Emphatic, rhythmic MELTDOWN courtesy of Japan's Art Into Life - a live and previously unreleased recording of Akio Suzuki performing at Musashino Art University, in 1984, using a combination of metallic percussion, a reel-to-reel and five wind-up, toy rabbits which have been employed as a shockingly effective / cute as fuck rhythm section - the audience in this recording HOWLING with laughter for the opening couple of minutes as Suzuki presumably attempts to herd and conduct a small orchestra of mobile Furbee percussionists.
All these initial shambolics set the record up perfectly, as it is the interactive nature of Suzuki's work that separates him from the rest of the ol’ time avant-gardies (at it since the sixties!), a rare engagement with audiences and a deadly focused, but ultimately light-hearted ideal - standing and jumping, throwing and following - playful ideas and their resulting rhythms are sat right at the core of this exploratory performance - as well as being integral to Suzuki’s lifetime experiments in sound and the spaces which can imprison them.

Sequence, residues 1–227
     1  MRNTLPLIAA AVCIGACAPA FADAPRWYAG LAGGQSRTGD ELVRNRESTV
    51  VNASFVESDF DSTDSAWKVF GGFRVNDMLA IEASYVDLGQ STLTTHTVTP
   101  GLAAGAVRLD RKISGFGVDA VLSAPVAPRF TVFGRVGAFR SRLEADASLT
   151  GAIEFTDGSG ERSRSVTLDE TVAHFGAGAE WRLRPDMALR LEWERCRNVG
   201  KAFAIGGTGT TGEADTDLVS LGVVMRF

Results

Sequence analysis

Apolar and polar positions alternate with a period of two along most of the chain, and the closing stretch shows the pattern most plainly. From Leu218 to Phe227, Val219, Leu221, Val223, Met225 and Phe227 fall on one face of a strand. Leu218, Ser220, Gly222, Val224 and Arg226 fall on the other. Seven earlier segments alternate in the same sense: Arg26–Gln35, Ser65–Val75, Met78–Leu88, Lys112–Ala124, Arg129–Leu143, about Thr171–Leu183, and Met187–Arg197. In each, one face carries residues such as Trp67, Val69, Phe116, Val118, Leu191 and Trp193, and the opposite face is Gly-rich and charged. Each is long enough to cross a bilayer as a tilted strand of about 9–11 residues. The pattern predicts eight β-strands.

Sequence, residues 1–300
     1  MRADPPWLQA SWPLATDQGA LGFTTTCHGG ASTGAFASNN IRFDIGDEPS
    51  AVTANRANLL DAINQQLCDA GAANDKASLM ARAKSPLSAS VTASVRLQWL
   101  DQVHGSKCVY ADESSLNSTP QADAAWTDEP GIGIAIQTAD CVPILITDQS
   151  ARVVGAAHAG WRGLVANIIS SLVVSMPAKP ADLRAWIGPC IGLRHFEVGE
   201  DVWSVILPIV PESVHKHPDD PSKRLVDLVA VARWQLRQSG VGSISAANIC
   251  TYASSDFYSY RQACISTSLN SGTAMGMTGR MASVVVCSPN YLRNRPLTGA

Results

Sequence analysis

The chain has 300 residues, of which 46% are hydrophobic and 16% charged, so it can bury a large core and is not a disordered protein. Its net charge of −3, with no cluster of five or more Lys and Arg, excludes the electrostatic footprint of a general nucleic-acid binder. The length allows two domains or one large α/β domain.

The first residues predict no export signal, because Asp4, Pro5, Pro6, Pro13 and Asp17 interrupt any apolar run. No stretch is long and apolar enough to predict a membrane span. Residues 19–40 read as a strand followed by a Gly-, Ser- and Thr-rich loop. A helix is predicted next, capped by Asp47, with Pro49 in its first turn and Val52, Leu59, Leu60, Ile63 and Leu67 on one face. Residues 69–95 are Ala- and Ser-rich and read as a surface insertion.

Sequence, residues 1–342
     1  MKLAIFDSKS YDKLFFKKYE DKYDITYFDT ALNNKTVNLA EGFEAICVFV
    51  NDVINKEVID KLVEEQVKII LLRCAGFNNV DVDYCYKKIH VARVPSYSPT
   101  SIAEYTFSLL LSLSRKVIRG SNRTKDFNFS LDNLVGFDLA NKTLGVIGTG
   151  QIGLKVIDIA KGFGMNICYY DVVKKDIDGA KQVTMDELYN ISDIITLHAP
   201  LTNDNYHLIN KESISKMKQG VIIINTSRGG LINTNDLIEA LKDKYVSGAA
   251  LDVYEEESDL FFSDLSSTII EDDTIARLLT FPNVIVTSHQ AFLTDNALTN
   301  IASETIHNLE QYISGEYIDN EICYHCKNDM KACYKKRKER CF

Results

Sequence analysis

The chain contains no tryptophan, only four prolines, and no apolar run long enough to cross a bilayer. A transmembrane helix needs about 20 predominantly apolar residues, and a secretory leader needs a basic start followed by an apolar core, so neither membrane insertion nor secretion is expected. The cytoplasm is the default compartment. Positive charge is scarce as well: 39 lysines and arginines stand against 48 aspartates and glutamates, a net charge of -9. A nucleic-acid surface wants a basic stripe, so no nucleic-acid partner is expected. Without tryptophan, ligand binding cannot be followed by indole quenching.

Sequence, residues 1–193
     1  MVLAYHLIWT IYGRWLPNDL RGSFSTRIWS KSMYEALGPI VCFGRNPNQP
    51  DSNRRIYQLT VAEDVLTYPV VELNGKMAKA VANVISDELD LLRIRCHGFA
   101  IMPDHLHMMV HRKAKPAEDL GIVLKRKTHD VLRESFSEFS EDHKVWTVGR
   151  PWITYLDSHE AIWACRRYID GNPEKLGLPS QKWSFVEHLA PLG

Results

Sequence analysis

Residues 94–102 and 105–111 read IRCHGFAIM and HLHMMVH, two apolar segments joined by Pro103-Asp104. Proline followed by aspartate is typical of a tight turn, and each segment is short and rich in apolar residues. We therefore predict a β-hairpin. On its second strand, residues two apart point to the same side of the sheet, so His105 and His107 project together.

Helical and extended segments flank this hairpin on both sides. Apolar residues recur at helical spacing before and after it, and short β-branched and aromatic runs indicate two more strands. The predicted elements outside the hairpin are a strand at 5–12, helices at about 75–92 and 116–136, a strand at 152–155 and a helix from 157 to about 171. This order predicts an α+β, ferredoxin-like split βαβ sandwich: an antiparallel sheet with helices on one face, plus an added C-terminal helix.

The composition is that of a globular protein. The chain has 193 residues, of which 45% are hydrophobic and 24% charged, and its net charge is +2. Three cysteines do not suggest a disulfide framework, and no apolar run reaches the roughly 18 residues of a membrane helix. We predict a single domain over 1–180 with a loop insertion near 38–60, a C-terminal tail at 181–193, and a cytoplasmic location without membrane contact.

As the noise of the audiences’ laughter seems to make way for the silence of their enchantment, we hear the subtle nuances of Suzuki and his robotic mob catching a “groove” - a chorus of feedback loops that begin to sound like a mechanical birdsong, a rattling dither of phasing harmonics that fills the space between a drifting, percussive noise scape of wood and metal bric-a-brac, which over the course of thirty minutes (it goes fast!), begins to feel like a tiny, charmingly unoptimised ecosystem that has been attentively grown and nurtured by Suzuki and his seemingly doting audience. Genuinely wish we’d been there to see this in ’84 - a deftly measured, nigh-on shamanistic incantation and a truly innovative document as to what sound-art can offer. FFO: Company series on Incus, Kosugi, Alvin Curran, Michael Snow.
Japanese import, limited to 300 copies. A couple of ours have VERY slight warping but you’ll live.